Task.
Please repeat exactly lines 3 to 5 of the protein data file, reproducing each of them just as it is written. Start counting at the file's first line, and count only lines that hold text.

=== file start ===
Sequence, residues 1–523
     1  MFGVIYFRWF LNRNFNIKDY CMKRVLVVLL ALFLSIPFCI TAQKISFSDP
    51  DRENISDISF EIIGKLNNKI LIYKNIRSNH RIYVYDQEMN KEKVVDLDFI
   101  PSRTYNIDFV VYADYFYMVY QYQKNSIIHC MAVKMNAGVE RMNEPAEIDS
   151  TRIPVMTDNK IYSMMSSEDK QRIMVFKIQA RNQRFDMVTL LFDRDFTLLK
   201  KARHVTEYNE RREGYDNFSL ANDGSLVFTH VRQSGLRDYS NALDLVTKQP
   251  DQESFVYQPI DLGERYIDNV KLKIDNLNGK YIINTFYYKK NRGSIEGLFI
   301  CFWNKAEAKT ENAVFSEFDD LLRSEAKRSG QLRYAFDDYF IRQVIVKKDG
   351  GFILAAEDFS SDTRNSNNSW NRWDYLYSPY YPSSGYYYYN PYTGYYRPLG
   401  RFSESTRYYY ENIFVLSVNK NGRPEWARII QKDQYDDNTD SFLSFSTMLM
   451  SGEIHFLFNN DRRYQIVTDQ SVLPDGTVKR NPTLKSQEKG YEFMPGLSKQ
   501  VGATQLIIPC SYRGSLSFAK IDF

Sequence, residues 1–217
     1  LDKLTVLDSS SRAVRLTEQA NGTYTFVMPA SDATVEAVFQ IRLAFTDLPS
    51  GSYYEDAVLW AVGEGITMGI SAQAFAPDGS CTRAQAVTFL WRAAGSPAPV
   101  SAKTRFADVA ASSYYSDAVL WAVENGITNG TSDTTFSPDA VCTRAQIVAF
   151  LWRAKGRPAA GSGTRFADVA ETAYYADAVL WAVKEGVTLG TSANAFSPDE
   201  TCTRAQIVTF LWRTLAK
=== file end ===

    51  DRENISDISF EIIGKLNNKI LIYKNIRSNH RIYVYDQEMN KEKVVDLDFI
   101  PSRTYNIDFV VYADYFYMVY QYQKNSIIHC MAVKMNAGVE RMNEPAEIDS
   151  TRIPVMTDNK IYSMMSSEDK QRIMVFKIQA RNQRFDMVTL LFDRDFTLLK